“ADNOC’s digitalisation ambitions capitalise on value-creating opportunities by bringing together people, data and technology, enabling delivery of our 2030 smart growth strategy,” Alhajri opines.

“Our digital transformation approach is focused on business needs and supporting agile, effective and verified decision-taking. Digitalisation is very significant in refining and petrochemical business; it gives us much greater visibility into our operations and helps us to make informed decisions.”

Developing the Integrated Production Planning platform – a digital twin of the entire ADNOC value chain – enabling increased production, better planning and identification of market opportunities, is a prominent example for ADNOC’s digitalisation endeavour.

It models the key work processes, including crude and feedstock selection, distribution planning, production planning, operations planning, and blending, to optimise these processes, improve product slates, and maximise profit within given operational constraints.

The application facilitates enterprise-wide linear and non-linear planning, allowing for multi-plant and multi-period views visible to various parts of the organisation. Scheduling supports comprehensive optimisation of refinery activities, including crude receipts, process operations, product blending, and product shipping. It does not end at the refinery gate, and optimises all margins along the entire value chain. It increases margins due to the ability to get the right product to the right location at the right price via the right transportation mode.

“Our IRIS – Integrated Refinery Information System – runs various refinery specific applications all in sync with each other to give us a holistic view of the entire operation. It facilitates inventories of refined products available in near real time,” remarks Alhajri.

“The system features access to a range of refinery specific applications for production accounting, scheduling systems, etc. This helps us to see ‘Refining Margin’, the profit on a given barrel of crude oil after it has been processed. Being able to access that information rapidly has a knock-on effect, and could fundamentally change the way ADNOC Refining does its business.”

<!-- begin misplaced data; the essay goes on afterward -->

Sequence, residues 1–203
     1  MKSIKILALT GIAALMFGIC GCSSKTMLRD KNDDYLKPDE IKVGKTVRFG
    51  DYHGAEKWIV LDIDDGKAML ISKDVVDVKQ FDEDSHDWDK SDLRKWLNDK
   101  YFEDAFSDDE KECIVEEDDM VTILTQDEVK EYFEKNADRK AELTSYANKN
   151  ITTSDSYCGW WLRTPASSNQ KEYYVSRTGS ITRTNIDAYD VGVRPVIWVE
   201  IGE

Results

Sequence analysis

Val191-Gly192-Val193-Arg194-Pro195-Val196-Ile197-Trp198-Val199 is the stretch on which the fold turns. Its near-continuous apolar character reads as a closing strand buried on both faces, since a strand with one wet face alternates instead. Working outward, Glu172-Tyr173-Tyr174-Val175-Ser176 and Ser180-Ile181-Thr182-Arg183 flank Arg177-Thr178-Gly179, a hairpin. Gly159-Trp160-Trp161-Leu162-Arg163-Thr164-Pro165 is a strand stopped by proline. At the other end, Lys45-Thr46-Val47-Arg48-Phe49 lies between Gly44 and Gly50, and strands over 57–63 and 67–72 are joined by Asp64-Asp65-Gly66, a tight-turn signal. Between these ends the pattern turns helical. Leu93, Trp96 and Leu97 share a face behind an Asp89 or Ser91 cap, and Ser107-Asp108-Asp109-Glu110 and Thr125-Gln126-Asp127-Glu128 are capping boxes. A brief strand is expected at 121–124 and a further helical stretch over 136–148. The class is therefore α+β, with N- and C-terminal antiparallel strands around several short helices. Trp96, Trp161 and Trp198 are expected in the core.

“We seek partners who can deliver access to high growth economies, who can apply the latest technology to upstream and downstream operations, and who are financially savvy, including international institutional investors, who can deploy long-term capital for attractive sustainable returns,” Abdulaziz Abdulla Alhajri, director, Downstream Directorate, ADNOC.

Partnerships with leading organisations

Strategic partnerships are at the very heart of ADNOC’s growth strategy. ADNOC has a successful track record of long-term, mutually beneficial partnerships from its earliest days.

“We will expand our international footprint across the full downstream value chain, including securing additional crude refining capacity in growth markets, and enhancing our petrochemical portfolio to participate in high-growth, high-margin markets,” Alhajri states.

“Our partnerships bring complementary strengths and capabilities, such as technology, operational excellence, financial acumen and market access, allowing us to enhance innovation, research and to invest together and grow together.”

“We seek partners who can deliver access to high growth economies, who can apply the latest technology to upstream and downstream operations, and who are financially savvy, including international institutional investors, who can deploy long-term capital for attractive sustainable returns,” mentions Alhajri.

“Together with our joint venture partner Borealis, Borouge is further investing in its plastics compounding capabilities to support our Chinese customers. Borouge’s compoun-ding manufacturing plant in Shanghai, China, started operations in 2010 with a pro-duction capacity of 50,000 tonnes per annum (tpa). By the end of 2015, we had increased the production capacity to 90,000tpa.”

“In 2017, we started the second phase of expansion at the plant to increase its production capacity to 125,000tpa to meet growing demand from China’s automotive industry,” Alhajri declares.

Co-investing in Ratnagiri refinery